child language acquisition, morphology, morphosyntax, language variation, real-time language comprehension
Cynthia Lukyanenko is an Term Assistant Professor of Linguistics in the Department of English at George Mason University. She teaches graduate and undergraduate courses on research methods, first language acquisition and syntax. Her research focuses on children’s acquisition of first language morphology and morphosyntax, and has included studies exploring preschoolers’ knowledge of plural morphology, subject-verb agreement, and constraints on pronoun coreference. Her recent work explores how children's acquisition of these aspects of language changes if the input they receive is variable, and how adults understand negative dependencies.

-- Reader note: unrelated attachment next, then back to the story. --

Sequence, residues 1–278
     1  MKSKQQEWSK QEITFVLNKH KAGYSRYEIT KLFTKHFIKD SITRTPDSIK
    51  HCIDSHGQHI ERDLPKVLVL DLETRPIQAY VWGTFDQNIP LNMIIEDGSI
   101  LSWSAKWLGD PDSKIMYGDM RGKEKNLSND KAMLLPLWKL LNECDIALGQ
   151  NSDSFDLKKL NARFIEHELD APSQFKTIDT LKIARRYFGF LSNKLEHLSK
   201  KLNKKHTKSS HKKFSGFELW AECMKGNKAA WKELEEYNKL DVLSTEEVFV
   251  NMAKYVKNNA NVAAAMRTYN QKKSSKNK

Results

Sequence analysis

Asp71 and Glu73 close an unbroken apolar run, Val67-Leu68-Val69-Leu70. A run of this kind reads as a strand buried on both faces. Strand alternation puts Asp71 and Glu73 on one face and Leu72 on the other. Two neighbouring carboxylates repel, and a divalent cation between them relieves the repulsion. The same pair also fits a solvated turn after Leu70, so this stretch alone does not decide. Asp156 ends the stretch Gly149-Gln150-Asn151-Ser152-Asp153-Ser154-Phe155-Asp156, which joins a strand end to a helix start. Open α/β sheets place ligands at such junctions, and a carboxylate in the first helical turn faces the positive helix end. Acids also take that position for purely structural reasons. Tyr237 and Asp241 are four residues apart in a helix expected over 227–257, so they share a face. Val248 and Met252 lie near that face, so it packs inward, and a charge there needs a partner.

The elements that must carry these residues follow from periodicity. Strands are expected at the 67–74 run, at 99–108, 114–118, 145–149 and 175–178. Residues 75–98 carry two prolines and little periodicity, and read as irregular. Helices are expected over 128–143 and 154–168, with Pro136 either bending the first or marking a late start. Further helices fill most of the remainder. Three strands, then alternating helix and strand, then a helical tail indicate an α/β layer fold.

She earned her BA in Linguistics from the University of Maryland College Park, and her MA and PhD in Developmental Psychology from the University of Illinois Urbana-Champaign. She also conducted postdoctoral research in the Department of Spanish, Italian and Portuguese at Penn State.
Blanchette, F. & Lukyanenko, C. (2019). Unacceptable grammar? An eye-tracking study of English Negative Concord. Language and Cognition. [link]
Lukyanenko, C. & Miller, K. (2018). Children's and adults' processing of variable agreement patterns: Agreement neutralization in English. Proceedings of the 42nd Annual Boston University Conference on Language Development. Somerville, MA: Cascadilla Press. [link]
Lukyanenko, C., & Fisher, C. (2016). Where are the cookies? 2- and 3-year-olds use number-marked verbs to anticipate upcoming nouns. Cognition 146, 349-370. [link]